Inner Outer skin skin Degree of Example thickness, Color adhesion Remarks inches Material Thickness,

inches 0.350 Sierracin 880 0.125 Colorless Excellent"... Optically transparent. 0.250 Sierracin 890 07 250 Yellow.-. Do. 0.350 Stretched Sierracin RC 0.125 Colorless 0 Do.

500. 0. 250 Selectron 400 0. 250 Yellow ..do Do. 0.350 PolymerK 0.200 Colorless Moderate. Do.

NOTE.-OI1 all the above laminates, the inner skin was stretched Plexiglas 55 and the interposed layer was. Interchemical 10-401 having a thickness of 0.100 inch. Benzoyl peroxide (1%) was the curing agent and the laminates were all cured at 150 degrees Fahrenheit for 20 hours.

TABLE NO. 8

Inner Outer skin skin Degree of Example thickness, Color adhesion Remarks inches Material Thickness,

inches 0.125 Colorless Excellent. Optically transparent. 0.250 d D0. 0.125 Colorless do Decorative shrink-back in outer skin. 0.250 Yellow Optically transparent. 0.250 .do Do. Polymer K 0.200 Colorless Do.

Norm-On all the abov a thickness of 0.100 inch. (or 20 hours.

e laminates, the inner skin was stretched Plexig Benzoyl peroxide (1%) was the curing agent an TABLE NO. 9

las 55 and the interposed layer was Laminac 4134 having d the laminates were all cured at 150 degrees Fahrenheit Inner Outer skin skin Degree Example thickness, Color adhesion Remarks inches Material Thickness,

inches 0. 350 Sierracin 880 0.125 Colorless Excellent Optically transparent. 0. 350 Sierracin 890 0. 250 Yellow do. Do. 0250 Stretched Sierracin RC 0.125 Colorless do Decorative shrink-back in 500. outer skin.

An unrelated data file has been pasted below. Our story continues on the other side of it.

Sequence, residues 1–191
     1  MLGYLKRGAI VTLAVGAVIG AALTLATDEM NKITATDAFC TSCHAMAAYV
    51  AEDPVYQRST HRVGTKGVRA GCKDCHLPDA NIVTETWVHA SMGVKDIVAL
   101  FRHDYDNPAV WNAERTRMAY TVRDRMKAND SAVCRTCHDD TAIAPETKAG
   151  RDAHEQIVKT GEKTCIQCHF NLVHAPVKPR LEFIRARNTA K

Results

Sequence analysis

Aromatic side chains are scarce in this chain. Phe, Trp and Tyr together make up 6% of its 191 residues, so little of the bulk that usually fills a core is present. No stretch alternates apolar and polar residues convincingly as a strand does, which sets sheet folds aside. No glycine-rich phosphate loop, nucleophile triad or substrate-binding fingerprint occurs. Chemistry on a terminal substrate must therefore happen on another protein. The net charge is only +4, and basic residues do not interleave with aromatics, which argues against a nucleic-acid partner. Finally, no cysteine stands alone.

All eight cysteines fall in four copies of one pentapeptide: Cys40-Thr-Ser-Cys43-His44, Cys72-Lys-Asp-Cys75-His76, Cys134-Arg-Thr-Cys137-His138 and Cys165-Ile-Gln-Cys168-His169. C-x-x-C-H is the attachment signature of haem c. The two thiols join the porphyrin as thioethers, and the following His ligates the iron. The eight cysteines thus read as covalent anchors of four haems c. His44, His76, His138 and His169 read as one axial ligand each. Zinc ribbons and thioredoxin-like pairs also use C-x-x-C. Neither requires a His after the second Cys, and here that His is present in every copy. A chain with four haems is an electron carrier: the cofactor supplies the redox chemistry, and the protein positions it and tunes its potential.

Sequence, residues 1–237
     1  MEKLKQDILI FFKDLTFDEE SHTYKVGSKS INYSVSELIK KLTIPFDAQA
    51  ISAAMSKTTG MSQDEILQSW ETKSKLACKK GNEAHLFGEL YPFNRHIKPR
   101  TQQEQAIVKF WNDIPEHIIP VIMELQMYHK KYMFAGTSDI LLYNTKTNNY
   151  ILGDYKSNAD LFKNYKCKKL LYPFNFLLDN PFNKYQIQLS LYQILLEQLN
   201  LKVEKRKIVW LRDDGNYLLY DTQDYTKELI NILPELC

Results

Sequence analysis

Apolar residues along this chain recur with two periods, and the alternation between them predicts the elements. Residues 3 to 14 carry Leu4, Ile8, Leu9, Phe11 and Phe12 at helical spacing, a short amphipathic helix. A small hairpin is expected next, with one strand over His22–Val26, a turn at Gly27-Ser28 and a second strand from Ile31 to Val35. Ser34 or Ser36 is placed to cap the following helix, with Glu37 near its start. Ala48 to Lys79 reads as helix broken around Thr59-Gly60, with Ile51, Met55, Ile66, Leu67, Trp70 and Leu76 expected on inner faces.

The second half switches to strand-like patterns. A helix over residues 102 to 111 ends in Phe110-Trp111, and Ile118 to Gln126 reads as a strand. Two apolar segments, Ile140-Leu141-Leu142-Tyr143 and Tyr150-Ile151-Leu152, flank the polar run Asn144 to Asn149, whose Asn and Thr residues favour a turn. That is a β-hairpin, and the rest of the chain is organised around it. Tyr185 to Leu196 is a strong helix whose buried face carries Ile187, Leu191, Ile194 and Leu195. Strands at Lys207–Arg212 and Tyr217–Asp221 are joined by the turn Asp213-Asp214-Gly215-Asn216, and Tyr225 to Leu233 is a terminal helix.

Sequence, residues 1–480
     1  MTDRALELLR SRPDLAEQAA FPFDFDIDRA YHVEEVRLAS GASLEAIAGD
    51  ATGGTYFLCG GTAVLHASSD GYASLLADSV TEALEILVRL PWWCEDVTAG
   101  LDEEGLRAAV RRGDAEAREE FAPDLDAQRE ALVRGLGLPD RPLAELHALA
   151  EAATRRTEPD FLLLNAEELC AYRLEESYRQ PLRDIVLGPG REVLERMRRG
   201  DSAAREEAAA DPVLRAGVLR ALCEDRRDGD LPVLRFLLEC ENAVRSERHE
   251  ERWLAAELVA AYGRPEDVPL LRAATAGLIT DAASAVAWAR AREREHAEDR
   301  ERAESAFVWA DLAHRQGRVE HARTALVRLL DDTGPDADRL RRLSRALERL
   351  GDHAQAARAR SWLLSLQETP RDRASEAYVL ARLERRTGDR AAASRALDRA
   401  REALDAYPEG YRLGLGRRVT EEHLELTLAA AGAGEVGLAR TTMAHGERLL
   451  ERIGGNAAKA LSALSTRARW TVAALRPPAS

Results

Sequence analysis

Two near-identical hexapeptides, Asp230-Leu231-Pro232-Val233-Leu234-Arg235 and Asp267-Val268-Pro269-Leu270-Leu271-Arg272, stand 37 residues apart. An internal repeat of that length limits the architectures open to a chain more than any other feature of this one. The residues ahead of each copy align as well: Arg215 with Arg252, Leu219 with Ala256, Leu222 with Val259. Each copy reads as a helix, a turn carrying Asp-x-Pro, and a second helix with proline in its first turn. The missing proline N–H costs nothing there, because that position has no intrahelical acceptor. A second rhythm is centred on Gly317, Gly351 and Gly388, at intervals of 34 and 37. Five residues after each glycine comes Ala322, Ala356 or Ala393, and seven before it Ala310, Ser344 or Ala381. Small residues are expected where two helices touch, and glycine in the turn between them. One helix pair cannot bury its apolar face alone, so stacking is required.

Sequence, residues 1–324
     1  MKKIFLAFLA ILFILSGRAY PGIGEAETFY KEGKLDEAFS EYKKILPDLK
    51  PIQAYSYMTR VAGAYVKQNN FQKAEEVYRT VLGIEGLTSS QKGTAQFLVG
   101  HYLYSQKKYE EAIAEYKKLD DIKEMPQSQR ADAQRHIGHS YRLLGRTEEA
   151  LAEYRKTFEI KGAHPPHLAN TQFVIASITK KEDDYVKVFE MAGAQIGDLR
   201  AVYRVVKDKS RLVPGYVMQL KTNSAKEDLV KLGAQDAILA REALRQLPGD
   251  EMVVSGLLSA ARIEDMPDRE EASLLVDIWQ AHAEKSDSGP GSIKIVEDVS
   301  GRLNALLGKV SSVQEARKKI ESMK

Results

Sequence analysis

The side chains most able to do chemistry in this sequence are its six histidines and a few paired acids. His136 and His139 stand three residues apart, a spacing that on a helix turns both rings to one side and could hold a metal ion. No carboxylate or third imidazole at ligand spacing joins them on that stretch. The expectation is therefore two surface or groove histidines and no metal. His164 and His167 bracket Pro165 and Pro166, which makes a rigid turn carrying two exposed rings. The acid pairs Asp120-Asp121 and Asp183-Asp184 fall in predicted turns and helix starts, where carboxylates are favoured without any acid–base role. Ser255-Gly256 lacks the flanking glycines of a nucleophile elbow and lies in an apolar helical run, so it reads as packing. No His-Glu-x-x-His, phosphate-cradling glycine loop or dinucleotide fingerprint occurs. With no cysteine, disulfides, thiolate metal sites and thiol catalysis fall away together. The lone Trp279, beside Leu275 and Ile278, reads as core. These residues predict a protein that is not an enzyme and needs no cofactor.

0.250 Plexiglas II 0.250 do- Optically transparent. 0.250 Selectron 400 0. 250 Yellow do Do. 0. 250 Rohm & Haas 6l0XP 0.250 o Modcrat Do.

Norm-On all the above laminates, the inner skin was stretched Plexiglas 55 and the interposed layer was Glidpol 2002 having a thickness of 0.100 inch. Benzoyl peroxide (1%) was the curing agent and the laminates were all cured at 150 degrees Fahrenheit for hours.

TABLE NO. 10

Inner Outer skin skin Degree of Example thickness, Color adhesion Remarks inches Matenal Thickness,

inches 0. 350 Sierracin 880. Optically transparent. 0.250 Sierracin 800"- o. 0. 350 Stretched Sier cin 0.125 Colorless do Decorative shrink-back in 500. outer skin. 0.250 Selectron 400 0.250 Yellow do Optically transparent. 0.250 Itohrn dz Haas 610XP. 0.250 do Moderate..." Do.

N0rE.-On all the above laminates, the inner skin was stretched Plexig las and the interposed layer was Marco MR 300 having a thickness 010.100 inch. Benzoyl peroxide (1%) was the curing agent and the laminates were all cured at 150 degrees Fahrenheit for 18 hours. i

TABLE N0. 11

Inner Outer skin skin Degree of Example thickness, Color adhesion Remarks inches Material Thickness,

inches 0.350 Sierracin S 0.125 Colorless Moderate. Optically trans ar nt. 0.250 Sierracin 890 0. 250 Yellow Do. 0.350 Strgtched Sierracin RC 0.125 Colorless Do.

5 0. 0.250 Selectron 400 0.250 Yellow Do.

Norm-On all the above laminates, the inner skin was stretched Plexig a thickness of 0.100 inch. Benzoyl peroxide (1%) was the curing agent and las 55 and the interposed layer was Polylite 8120 having the laminates were all cured at degrees Fahrenheit for 18 hours.

TABLE NO. 12

Inner Outer skin skin Degree of Example thickness, Color adhesion Remarks inches Material Thickness,

inches 0.350 Sierracin 880 0.125 Colorless Excellent Optically transparent. 0. 250 Sierracin 890 0.250 d Do. 0.350 Stretched Sierracin 0.125 Colorless do Decorative shrink-back in 5007 outer skin. 0. 250 Selectron 400 0.250 Yellow do Optically transparent. 0.250 Doiible strength window 0.125 Colorless Moderate. Do.

g ass.

Norn.-On all the above laminates,

a thickness of 0.100 inch. for 18 hours.

and the interposed layer was Selcctron 5214 having laminates were all cured at 150 degrees Fahrenheit TABLEZNO. 13